Relations Between Child Obesity and Executive Functions Among Low-income Latinx Families Participating in an Obesity Intervention: A Secondary Analysis

Amber Shriver

Advisor: Adam Winsler, PhD, Department of Psychology

Committee Members: Sina Gallo, Robyn Mehlenbeck

Online Location, #2084
July 29, 2020, 02:00 PM to 04:00 PM


Rates of obesity have tripled worldwide since 1975 (WHO, 2017), with the epidemic affecting both pediatric and adult populations.  Many causes for obesity exist including genetics; the child’s immediate and community environment; a lack of nutritional resources; and a lack of motivation and resources to engage in physical activity.  Given the increasingly widespread prevalence of childhood obesity, research has focused on how childhood obesity affects long-term physical and mental health outcomes.  This research robustly supports a bidirectional relationship between childhood obesity and executive functioning.  The term executive functioning describes the cognitive capabilities necessary for an individual to engage in goal-directed behavior (Miyake and Friedman, 2012).  It includes constructs such as cognitive flexibility, working memory, and inhibition (Miyake and Friedman, 2012).  Executive functions influence the individual’s ability to initiate in healthy activities and to inhibit consumption of unhealthy food (Gettens and Gorin, 2017).  This pattern of behaviors results in weight gain over time.  Conversely, obesity changes the physical structure of the brain through decreased blood flow to the pre-frontal cortex (Fitzpatrick et al., 2013), which could result in the development of executive functioning deficits over time.  Based on this relationship, executive functioning deficits could be used to predict weight loss success in obesity interventions.  Despite, the large body of research supporting these relationships, few studies have examined if they generalize within Latinx communities and with young children receiving obesity treatment.

This dissertation explored relationships between childhood obesity, executive functioning, and English language proficiency in a sample (n=44) of low-income Latino immigrant elementary school students.  Childhood obesity was assessed through Body Mass Index (BMI), waist circumference, and blood sample measures.  Executive functioning skills were assessed through the parent-report Spanish version of the Behavior Rating Inventory of Executive Function (BRIEF; Gioia, Isquith, Guy, & Kenworthy, 2015), the Child Behavior Checklist (CBCL; Achenback & Rescorla, 2011), and a computerized go-no-go task (Fillmore, Rush, & Hays, 2006).  English language proficiency was assessed via the English version of the Picture Vocabulary Test-III (PPVT-III; Dunn & Dunn, 1997) and parental reports of the child’s language competence.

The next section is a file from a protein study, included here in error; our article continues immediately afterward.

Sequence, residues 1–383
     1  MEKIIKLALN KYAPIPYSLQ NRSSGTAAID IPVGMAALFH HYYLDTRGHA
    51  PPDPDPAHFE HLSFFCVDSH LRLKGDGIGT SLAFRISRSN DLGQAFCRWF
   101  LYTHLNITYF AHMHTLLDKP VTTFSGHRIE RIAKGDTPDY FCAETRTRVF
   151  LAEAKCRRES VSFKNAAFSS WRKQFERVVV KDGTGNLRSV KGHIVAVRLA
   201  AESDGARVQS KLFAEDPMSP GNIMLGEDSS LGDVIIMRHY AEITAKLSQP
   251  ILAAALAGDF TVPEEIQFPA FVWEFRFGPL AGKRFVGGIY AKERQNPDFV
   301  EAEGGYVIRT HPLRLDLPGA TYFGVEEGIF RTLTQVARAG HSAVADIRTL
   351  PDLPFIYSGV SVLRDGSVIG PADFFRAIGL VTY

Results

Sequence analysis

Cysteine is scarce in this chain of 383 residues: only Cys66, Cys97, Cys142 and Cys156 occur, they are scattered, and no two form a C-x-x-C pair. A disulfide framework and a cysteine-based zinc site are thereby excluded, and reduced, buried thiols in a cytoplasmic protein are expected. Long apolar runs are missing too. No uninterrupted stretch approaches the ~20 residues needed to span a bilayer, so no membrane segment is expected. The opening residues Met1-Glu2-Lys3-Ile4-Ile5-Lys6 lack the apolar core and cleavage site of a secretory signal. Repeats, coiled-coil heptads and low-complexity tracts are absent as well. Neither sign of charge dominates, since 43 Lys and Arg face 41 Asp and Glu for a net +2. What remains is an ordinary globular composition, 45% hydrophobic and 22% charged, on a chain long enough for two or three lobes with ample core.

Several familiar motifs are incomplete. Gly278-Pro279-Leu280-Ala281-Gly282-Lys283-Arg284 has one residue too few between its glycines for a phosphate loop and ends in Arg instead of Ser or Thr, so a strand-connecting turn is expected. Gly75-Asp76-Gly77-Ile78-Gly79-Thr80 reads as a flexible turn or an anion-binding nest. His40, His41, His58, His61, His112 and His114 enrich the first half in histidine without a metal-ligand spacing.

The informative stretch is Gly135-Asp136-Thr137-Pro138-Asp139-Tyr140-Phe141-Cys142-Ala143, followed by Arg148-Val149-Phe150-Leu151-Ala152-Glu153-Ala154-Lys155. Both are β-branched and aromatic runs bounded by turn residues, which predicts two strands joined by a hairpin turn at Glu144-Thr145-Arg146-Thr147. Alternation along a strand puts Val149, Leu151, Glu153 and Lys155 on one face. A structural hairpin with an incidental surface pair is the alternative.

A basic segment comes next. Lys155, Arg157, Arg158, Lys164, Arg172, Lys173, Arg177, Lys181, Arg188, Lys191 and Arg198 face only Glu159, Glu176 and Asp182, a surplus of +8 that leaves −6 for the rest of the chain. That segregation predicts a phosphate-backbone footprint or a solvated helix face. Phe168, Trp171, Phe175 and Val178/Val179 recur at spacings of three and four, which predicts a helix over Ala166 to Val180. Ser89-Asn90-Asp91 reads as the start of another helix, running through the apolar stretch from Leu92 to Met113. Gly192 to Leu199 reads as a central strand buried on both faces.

All participants were recruited through their participation in a community-based childhood obesity intervention (Gallo et al., 2019).  The participants were assessed twice - the first time at baseline (before the intervention began) and the second time directly after the intervention was completed (10-12 weeks after baseline).  Following baseline testing, parents and children participated in a ten-week multi-modal family obesity intervention.  The intervention was designed to improve nutritional knowledge; improve child physical fitness; improve parent and child mental health; and help families set goals for sustainable child weight maintenance.

Concurrent correlational analyses at baseline indicated that child obesity was generally not associated with the executive function measures.  Although small negative correlations (i.e., .11 to .30) were generally in the hypothesized direction, they were typically not significant given the small sample sizes, except for triglyceride counts which (.27 to .38) were positively related to parent-reported EF and behavior problems.  Although unrelated to direct English vocabulary assessment, obesity was positively associated with parent report of child English language proficiency and English use in the home, suggesting that acculturation (more use of English) may be a risk marker for childhood obesity.  Parent report of child’s English proficiency was negatively related to parent-reported EF and behavior problems, but PPVT scores were generally unrelated to the EF measures.  Baseline measures of EF were inconsistently related to obesity intervention gains.  However, children whose blood markers of obesity increased over time also showed worse behavior and EF problems over time as reported by parents.

This study, although hampered by a small sample and attrition of participants over time, demonstrates some evidence that child EF is related to obesity measures in the context of intervention with Latino immigrant families, and suggests that additional research is needed.